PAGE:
The idea is fairly simple – when a developer joins the team they should be able to checkout all the code from source control, browse to the root directory and run a script called ‘go’ which will download and install everything needed to run the build on their machine.

We are using buildr, so in our case this mainly involves populating our JRuby and Ruby gem repositories. buildr takes care of downloading our Java dependencies.

Potential issues

The original Checkout and Go build script was only written for use from the Unix shell which obviously restricted its use somewhat! A couple of people on the team were running on Windows so we now have two versions of a very similar script.

There are some parts of our setup process which only need to be run the first time the developer runs the build. There is a trade off to be made with regards to whether it is better to incorporate these into the main script and write the associated logic around ensuring they don’t get run every time as opposed to leaving developers to run them once when they first checkout the code.

One interesting thing we have noticed is that although the theory is these scripts only need to be run once, there are actually new dependencies being introduced now and then which requires them to be re-run. If there is frequent change then the benefit of the Checkout and Go approach clearly increases.

Alternative approach

The alternative to the Checkout and Go approach is to have a setup where we only provide a build file which, working on the assumption that the developer will take care of the dependencies themself – these dependencies would then typically be written up on a Wiki page.

The thing I like about this approach is that it is much simpler to setup initially – there is no code to write around automating the download and setup of dependencies.

The disadvantage is that it is non deterministic – as we are relying on a human to execute a series of instructions the chance of someone doing something just slightly different is higher, therefore leading to the problem of developer machines not being setup in an identical manner.

In Conclusion

We don’t have this process perfect yet and there is a bit of a trade off with regards to making the go script really complicated to allow a completely automated process as opposed to covering maybe 90% of the setup in an automated script and then having the remaining 10% done manually or in other test scripts which a developer can run when required.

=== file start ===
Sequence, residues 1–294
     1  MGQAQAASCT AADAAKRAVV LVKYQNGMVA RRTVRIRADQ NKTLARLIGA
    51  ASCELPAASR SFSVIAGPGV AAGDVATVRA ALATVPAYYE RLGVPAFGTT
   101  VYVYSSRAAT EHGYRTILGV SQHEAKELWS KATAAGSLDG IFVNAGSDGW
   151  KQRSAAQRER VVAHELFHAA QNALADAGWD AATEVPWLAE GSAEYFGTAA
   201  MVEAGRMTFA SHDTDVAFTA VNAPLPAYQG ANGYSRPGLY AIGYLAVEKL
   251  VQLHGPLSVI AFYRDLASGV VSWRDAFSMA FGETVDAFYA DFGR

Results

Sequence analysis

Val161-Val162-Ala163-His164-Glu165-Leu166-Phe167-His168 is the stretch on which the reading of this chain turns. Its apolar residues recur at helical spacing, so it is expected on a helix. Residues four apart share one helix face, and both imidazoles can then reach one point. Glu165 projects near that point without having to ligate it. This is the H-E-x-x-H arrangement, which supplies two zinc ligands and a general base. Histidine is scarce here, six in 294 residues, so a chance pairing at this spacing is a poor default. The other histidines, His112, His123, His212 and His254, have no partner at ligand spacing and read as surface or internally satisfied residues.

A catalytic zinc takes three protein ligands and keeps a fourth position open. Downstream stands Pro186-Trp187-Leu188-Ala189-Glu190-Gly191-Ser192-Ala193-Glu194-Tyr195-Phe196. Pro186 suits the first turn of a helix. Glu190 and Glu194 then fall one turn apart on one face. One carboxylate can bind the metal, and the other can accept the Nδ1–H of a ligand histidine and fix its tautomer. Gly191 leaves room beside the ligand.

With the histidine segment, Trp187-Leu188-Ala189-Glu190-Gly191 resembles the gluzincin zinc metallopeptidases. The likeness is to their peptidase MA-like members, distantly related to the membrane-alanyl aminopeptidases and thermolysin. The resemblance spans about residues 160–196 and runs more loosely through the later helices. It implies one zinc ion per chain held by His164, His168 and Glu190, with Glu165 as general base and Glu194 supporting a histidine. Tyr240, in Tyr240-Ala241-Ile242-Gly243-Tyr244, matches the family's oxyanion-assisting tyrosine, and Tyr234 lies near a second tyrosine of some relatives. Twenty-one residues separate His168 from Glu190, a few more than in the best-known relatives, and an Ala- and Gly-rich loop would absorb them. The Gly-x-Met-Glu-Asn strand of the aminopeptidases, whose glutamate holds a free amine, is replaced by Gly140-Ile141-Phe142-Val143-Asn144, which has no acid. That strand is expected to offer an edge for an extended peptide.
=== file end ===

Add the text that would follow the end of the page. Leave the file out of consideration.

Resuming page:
This idea has been the best one that I have seen with regards to getting developer environments setup and running quickly but it would be good to know if anyone has any better ideas around this.

Written by Mark Needham

October 19th, 2008 at 10:49 pm

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Where are we now? Where do we want to be?

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Listening to Dan North speaking last week I was reminded of one of my favourite NLP[*] techniques for making improvements on projects.

The technique is the TOTE (Test, Operate, Test, Exit) and it is a technique designed to help us get from where we are now to where we want to be via short feedback loops.

On my previous project we had a situation where we needed to build and deploy our application in order to show it to the client in a show case.

The first time we did this we did most of the process manually – it took three hours and even then still didn’t work properly. It was clear that we needed to do something about this. We needed the process to be automated.

Before we did this I mentally worked out what the difference was between where we were now and what the process would look like when we were at our desired state.